If you’re not into Japanese food, you may have a problem while you’re there. Watching videos about Japan, I’ve seen and heard comments from travellers who didn’t really like any Japanese food, didn’t know what to order while they were there and would end up eating at McDonalds. McDonalds! I think that’s a shame. There is so much variation in Japanese cuisine. Something for everyone, you would think.
Japanese food variety
When imagining Japanese food, the average Westerner probably thinks of sushi, maybe sashimi. Maybe miso-soup. The staff restaurant of my very Dutch employer has been serving “miso-soup” recently. It doesn’t even begin to approach the real thing, but still. You are probably familiar with ramen, these days. More and more ramen shops are opening all over Europe. But maybe your knowledge of Japanese food ends there.
Japanese cuisine is quite varied, and with some exceptions, not particularly spicy. The flavours may be different from what you are used to, but they’re often subtle and not particularly dominating. Even Chinese restaurants in Japan seem to favour mild flavours compared to what I am used to in my country, The Netherlands. The spicing appears to have been adjusted to suit the mild palates of the Japanese.
The Dutch are potato eaters. You won’t find that tuber in Japan much. Even if you think the potato belongs with a certain dish, steak for example, you’ll find that it is served with rice in Japan. If you are dying for some potatoes, your best bet is to go to one of the better hamburger joints like Shake Shack, they serve pretty good fries with their hamburgers.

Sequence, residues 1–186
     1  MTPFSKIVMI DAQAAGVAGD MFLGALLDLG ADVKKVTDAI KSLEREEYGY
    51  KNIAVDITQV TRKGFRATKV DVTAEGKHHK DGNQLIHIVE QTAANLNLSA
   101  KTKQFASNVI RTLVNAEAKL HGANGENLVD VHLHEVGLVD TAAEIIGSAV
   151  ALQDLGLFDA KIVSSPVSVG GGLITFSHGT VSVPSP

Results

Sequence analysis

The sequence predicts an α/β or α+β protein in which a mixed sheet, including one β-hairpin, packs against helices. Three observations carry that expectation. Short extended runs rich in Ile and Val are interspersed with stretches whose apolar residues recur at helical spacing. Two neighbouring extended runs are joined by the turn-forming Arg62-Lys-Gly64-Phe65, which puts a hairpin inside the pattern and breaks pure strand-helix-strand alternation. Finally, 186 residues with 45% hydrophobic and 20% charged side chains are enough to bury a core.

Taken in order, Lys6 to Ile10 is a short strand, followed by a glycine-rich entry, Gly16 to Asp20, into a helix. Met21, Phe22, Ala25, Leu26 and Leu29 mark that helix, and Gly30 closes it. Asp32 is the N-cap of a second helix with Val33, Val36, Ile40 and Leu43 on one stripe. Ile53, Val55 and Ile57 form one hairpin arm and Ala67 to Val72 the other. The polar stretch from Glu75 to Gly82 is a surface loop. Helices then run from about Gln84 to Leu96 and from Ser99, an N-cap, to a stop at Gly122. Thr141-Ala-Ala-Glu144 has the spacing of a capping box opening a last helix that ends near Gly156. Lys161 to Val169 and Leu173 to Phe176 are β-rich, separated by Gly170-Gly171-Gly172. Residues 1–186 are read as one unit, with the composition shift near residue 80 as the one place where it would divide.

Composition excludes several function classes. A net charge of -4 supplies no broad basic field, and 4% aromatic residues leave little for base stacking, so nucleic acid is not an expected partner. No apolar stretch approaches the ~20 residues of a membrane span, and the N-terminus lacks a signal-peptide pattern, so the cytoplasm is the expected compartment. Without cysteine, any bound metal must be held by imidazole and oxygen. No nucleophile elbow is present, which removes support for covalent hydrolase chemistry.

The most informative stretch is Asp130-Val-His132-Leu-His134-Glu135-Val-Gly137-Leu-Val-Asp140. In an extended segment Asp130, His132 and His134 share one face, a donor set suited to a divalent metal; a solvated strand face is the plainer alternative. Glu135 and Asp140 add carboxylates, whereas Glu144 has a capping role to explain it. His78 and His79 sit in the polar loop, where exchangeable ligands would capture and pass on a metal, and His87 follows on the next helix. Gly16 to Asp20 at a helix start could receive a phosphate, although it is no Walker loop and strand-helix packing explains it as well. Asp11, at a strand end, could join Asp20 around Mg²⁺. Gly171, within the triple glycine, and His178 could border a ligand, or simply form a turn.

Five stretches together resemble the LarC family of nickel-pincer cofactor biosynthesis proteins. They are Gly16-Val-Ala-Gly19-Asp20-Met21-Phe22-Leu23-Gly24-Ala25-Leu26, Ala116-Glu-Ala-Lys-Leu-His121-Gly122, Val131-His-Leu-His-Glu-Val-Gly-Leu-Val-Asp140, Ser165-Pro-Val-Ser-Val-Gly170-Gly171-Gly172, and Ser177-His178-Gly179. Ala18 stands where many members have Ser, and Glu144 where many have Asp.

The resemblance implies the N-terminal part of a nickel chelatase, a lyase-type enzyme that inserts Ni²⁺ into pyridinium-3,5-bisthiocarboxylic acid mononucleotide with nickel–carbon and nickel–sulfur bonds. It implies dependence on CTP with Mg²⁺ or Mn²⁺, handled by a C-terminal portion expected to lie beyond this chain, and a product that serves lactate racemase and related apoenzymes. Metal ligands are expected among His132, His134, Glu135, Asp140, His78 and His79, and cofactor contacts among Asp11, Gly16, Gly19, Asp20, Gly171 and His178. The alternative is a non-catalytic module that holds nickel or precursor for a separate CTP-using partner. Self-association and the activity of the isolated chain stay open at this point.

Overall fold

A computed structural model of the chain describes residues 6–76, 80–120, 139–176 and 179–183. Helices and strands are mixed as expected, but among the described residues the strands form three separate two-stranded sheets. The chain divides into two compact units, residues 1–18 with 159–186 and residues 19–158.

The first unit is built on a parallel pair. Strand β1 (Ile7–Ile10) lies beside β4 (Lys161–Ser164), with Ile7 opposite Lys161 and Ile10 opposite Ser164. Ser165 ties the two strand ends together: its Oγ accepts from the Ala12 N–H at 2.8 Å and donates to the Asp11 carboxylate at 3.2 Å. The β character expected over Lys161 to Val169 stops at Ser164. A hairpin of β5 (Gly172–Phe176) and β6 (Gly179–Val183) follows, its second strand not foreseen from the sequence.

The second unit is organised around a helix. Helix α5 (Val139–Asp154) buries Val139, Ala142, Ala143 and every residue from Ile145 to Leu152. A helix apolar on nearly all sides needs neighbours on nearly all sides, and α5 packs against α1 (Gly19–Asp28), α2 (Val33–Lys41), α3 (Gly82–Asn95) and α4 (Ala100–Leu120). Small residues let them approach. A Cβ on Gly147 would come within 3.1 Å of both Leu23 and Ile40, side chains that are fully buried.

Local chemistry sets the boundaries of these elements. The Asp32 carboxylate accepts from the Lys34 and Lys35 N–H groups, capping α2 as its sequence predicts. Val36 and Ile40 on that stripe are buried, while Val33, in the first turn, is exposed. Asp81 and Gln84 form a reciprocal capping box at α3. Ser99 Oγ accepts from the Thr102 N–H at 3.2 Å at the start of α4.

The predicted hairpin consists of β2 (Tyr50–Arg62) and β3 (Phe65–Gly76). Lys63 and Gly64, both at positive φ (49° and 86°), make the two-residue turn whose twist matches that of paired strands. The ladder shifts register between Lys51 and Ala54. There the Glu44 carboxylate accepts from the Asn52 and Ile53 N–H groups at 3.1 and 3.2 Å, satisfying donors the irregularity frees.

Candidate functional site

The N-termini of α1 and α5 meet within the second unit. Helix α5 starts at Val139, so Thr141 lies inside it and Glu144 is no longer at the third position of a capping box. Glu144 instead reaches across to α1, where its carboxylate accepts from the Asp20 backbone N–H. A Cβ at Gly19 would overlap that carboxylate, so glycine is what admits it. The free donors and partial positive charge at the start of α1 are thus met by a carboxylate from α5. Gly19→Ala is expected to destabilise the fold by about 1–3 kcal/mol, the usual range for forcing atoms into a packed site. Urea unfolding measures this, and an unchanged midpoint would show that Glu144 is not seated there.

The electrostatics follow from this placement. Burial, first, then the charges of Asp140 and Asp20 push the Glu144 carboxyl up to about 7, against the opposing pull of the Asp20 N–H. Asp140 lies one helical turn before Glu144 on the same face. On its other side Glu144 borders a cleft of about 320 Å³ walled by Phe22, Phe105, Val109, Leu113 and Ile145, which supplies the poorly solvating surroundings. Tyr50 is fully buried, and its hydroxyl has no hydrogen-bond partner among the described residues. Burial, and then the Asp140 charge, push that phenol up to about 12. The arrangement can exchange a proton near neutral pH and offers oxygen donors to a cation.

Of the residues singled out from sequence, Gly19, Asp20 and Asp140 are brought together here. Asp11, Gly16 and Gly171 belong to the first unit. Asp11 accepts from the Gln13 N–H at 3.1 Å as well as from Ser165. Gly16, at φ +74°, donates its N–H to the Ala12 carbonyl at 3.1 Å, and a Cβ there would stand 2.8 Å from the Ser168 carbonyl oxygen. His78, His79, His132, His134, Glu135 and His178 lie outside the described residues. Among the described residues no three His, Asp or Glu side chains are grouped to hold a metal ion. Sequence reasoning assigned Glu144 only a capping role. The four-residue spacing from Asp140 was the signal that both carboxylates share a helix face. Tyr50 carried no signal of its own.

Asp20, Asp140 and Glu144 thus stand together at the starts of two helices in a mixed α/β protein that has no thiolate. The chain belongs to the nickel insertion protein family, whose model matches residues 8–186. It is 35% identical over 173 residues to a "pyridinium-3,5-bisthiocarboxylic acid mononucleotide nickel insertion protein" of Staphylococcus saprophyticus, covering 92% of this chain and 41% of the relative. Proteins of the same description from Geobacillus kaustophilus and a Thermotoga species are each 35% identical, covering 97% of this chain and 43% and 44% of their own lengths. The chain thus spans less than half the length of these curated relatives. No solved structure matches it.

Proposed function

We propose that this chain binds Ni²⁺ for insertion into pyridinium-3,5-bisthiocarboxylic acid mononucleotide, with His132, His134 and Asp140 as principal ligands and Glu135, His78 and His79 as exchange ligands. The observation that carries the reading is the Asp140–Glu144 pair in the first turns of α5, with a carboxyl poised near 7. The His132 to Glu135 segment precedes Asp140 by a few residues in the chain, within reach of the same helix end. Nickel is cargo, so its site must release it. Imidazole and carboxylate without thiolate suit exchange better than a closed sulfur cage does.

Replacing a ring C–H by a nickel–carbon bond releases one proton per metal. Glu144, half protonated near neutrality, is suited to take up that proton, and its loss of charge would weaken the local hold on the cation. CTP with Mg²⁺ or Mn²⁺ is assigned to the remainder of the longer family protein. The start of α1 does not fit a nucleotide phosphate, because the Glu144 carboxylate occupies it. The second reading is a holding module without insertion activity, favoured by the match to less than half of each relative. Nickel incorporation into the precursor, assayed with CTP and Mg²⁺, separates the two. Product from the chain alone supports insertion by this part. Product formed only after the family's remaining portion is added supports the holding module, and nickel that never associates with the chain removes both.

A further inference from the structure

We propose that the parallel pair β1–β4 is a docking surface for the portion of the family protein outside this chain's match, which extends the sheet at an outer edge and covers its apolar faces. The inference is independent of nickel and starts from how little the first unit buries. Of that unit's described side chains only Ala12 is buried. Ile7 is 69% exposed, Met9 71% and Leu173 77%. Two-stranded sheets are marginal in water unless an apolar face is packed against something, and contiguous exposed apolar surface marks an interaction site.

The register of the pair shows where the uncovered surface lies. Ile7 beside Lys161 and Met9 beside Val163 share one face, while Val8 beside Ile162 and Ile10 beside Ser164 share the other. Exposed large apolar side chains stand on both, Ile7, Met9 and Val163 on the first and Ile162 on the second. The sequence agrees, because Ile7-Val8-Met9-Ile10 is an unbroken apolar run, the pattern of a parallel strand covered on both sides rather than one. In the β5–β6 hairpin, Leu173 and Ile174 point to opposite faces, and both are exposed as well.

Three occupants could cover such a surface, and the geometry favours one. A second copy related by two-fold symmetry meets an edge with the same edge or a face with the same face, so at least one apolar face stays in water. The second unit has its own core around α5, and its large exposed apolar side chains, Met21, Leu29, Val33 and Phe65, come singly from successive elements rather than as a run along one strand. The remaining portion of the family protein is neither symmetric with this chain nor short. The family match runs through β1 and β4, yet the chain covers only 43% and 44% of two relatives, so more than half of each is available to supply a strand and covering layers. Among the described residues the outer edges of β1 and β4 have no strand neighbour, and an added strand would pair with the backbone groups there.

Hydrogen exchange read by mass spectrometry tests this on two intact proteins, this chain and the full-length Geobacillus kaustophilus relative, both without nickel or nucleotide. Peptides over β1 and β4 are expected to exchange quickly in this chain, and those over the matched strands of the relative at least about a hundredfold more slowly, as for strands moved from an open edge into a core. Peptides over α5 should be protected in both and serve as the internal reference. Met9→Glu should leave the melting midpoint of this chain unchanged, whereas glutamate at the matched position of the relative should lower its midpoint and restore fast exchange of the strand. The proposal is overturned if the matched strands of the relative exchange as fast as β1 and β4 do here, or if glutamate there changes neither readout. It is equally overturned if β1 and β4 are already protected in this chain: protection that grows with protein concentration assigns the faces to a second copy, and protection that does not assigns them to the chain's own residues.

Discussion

Sometimes, Japanese cuisine uses ingredients you wouldn’t put in your mouth, coming from a Western culture. Raw egg, for example, scares a lot of people. In the picture below you’ll see a Japanese breakfast option, tamago kake gohan. The idea is to mix the raw egg with your- lukewarm – rice. The result is a rather mild kind of savoury porridge that you then add flavour to using soy soy or other sauces and spices.
A bun full of noodles
I think that even difficult eaters can find something to their liking in Japan. A schnitzel (Tonkatsu) of fried chicken (Karaage), most non-vegetarians should be ok with that, right? And the Japanese version of spaghetti (Naporitan) shouldn’t be too much of a problem: pasta with tomato ketchup, onion, bell peppers, sausage and bacon. Sounds like the child menu, or what? I should thin most people will have eaten chicken satay. Japanese Yakitori isn’t that different. It doesn’t come with peanut sauce and you can choose from the various parts of the chicken. Avoid the scary bits, pick chicken thigh (‘momo’) and you’re good to go.
Another easy to digest meal for Westerners is Gyudon, a bowl of rice with beef, simmered in soy sauce. Or Yakisoba, the Japanese version of fried noodles or bami goreng. In Japanese convenience stores (konbini) you’ll often find Yakisoba Pan, buns filled with noodles. Looks weird, but very easy to eat.
If you are preparing for your trip to Japan and you want to know more about what you can eat over there, Dutch readers should take a look at the foodwiki on Thuisbezorgd.nl. You can learn a lot from their Japanese Japanese pages. Read their foodwiki page abour Yakisoba. Or their article about Gyoza, a tasty snack that doesn’t look out of place among Dutch bitterballen or vlammetjes.
Don’t worry about ordering in Japanese restaurants. Even if the staff does not speak English, they often have English menus. Or they’ll have picture menus that make it easy to choose what to order.
And now for the top 3 Japanese dishes you are better off not ordering.
If you have any questions about Japanese food, don’t hesitate to ask. And which Japanese dishes do you like or dislike?